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Millionaire Investor Calls for Higher Taxes on the Rich

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Venture capitalist and entrepreneur Nick Hanauer has stern words for millionaires -- it's time to pay your fair share of taxes.

The self-made millionaire, who sold his Internet media company aQuantive to Microsoft for $6.4 billion, tells Henry Blodget in the above video that he supports changes to the tax code.

"People in the top 1 percent are paying historically low tax rates," he says. "That's simply an unsustainable way to run a capitalistic society."

Hanauer admits he paid an 11 percent tax rate on an eight-figure income in 2010. He's one of several millionaires speaking out against what he feels is an outdated system that disproportionately benefits the rich at the country's -- and the middle class's -- expense.

An analysis conducted by the nonpartisan Congressional Research Service in October found that nearly a quarter of millionaires (or 94,500 taxpayers) pay a lower tax rate than 10.4 million moderate-income taxpayers. CRS defines "moderate-income" households as those earning below $100,000 annually.

President Obama has urged Congress to pass the so-called "Buffett rule" named after billionaire investor Warren Buffett. In his State of the Union address last month, Obama said "if you make more than $1 million a year, you should not pay less than 30 percent in taxes."

Buffett has been an unequivocal proponent of changing the tax code, widely publicizing that his long-time secretary pays a higher tax rate than he does. Buffett announced that he paid $7 million in taxes in 2010 — or 17.4 percent of his taxable income. According to the Congressional Budget Office, the richest 0.01 percent of Americans paid a combined 17.5 percent in individual income and payroll taxes in 2005. IRS data shows that 1,470 households paid zero federal income tax in 2009 despite reporting an income of more than $1 million. The Urban-Brookings Tax Policy Center projects that the average overall federal tax rate for 2011 will be 18.8%.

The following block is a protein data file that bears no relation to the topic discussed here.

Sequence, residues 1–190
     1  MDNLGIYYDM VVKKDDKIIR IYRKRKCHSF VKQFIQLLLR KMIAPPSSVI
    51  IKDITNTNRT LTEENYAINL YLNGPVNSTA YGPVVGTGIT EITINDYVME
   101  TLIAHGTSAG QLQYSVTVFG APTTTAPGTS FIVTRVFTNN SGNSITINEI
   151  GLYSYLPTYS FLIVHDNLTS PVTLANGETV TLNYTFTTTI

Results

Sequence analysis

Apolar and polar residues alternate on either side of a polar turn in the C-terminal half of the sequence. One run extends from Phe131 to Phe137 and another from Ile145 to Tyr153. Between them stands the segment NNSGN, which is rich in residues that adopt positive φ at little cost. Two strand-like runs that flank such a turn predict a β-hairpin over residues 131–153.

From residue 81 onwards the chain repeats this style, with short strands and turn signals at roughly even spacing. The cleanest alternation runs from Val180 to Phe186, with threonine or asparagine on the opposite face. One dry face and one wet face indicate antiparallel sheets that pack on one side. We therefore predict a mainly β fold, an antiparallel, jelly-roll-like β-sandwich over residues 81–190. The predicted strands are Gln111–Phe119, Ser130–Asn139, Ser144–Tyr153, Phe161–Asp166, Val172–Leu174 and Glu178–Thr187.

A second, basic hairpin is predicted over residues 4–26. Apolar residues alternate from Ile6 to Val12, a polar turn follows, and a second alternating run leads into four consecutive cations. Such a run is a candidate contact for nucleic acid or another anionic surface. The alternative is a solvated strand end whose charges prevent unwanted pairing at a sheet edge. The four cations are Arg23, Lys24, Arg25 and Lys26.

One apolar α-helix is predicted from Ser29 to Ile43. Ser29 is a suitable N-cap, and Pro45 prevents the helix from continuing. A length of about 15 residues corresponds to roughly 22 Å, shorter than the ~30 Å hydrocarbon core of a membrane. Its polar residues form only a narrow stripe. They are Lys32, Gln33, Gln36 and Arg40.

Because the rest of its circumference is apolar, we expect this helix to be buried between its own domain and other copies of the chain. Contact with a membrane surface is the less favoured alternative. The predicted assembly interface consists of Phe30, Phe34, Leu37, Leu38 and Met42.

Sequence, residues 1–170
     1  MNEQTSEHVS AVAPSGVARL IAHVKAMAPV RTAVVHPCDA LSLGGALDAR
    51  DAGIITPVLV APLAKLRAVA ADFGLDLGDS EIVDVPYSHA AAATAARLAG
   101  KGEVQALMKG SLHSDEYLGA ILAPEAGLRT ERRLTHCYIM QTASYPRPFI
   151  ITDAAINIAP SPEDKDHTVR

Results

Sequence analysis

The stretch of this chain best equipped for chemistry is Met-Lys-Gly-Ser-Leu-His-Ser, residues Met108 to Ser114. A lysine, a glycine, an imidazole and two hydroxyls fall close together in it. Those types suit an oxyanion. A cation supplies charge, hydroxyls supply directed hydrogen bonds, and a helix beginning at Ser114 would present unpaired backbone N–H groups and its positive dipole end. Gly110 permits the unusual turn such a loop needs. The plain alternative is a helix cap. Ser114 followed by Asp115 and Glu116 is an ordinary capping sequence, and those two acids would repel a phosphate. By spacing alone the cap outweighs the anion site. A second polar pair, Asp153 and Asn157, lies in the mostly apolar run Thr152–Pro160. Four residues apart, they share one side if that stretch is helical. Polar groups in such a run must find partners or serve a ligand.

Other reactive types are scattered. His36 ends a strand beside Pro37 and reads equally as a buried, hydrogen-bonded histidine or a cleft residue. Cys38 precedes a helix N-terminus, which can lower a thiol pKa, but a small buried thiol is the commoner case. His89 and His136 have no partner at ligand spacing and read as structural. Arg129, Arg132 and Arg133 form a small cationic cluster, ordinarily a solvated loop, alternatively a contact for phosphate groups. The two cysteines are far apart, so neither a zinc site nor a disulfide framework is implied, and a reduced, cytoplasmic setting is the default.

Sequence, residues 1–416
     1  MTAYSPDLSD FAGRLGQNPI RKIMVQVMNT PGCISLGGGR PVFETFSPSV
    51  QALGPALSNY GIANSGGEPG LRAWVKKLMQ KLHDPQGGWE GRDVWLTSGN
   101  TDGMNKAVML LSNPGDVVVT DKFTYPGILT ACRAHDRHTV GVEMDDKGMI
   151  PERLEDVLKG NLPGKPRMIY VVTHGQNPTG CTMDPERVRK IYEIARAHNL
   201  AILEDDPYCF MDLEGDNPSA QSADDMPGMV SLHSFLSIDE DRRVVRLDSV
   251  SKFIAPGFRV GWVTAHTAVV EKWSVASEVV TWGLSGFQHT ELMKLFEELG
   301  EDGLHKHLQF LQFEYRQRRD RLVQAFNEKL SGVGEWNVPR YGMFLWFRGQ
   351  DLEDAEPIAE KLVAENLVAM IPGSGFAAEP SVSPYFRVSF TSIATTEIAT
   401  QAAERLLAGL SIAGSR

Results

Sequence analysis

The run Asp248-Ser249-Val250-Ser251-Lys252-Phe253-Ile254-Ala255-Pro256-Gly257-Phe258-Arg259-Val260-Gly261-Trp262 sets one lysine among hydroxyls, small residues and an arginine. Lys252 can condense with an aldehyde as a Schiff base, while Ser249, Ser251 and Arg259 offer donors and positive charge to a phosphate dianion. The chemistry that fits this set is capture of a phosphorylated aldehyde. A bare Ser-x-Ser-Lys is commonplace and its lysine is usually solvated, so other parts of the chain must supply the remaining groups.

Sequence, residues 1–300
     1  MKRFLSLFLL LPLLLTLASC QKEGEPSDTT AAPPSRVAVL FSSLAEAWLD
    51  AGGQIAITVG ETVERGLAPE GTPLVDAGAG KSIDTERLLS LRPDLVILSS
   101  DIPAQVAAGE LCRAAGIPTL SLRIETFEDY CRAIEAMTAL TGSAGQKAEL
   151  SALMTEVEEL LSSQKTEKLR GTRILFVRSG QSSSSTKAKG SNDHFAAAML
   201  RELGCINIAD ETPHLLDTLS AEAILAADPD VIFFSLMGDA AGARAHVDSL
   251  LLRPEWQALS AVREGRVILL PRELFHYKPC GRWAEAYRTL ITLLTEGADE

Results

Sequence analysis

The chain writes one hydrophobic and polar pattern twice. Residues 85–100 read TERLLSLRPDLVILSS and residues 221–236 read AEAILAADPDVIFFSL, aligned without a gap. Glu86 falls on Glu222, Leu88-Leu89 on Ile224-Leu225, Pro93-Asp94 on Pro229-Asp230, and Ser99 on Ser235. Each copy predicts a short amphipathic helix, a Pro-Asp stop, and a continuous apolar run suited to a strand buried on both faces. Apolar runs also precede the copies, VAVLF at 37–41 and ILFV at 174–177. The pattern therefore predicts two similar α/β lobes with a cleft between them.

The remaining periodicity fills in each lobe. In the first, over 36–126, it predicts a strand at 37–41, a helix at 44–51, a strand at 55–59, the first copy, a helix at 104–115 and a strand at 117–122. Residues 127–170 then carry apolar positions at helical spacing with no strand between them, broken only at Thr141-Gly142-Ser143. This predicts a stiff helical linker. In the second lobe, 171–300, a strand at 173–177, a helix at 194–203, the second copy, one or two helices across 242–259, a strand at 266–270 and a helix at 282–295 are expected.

Capital gains, dividends and "carried interest" are taxed at a 15 percent rate. Hedge fund managers and private equity titans pay the 15 percent rate because their income comes from investor fees, not salaries. The AP reports federal taxes are at 60-year lows and federal tax receipts will be equal to 14.8 percent of GDP, the lowest level since President Harry Truman was in office. The federal budget deficit could reach a record $1.5 trillion this year because of smaller revenue and increased spending.

Hanauer says keeping taxes low on the country's wealthiest won't boost economic growth or lower the nation's 8.3 percent jobless rate. The economy prospers when the middle class consumes goods, he argues, and businesses will be destroyed if the government cuts programs for the middle class.

"We are systematically destroying our customer base in this country by undercutting the middle class," he says. "If it was true that the rich and business were job creators, we'd be drowning in jobs today."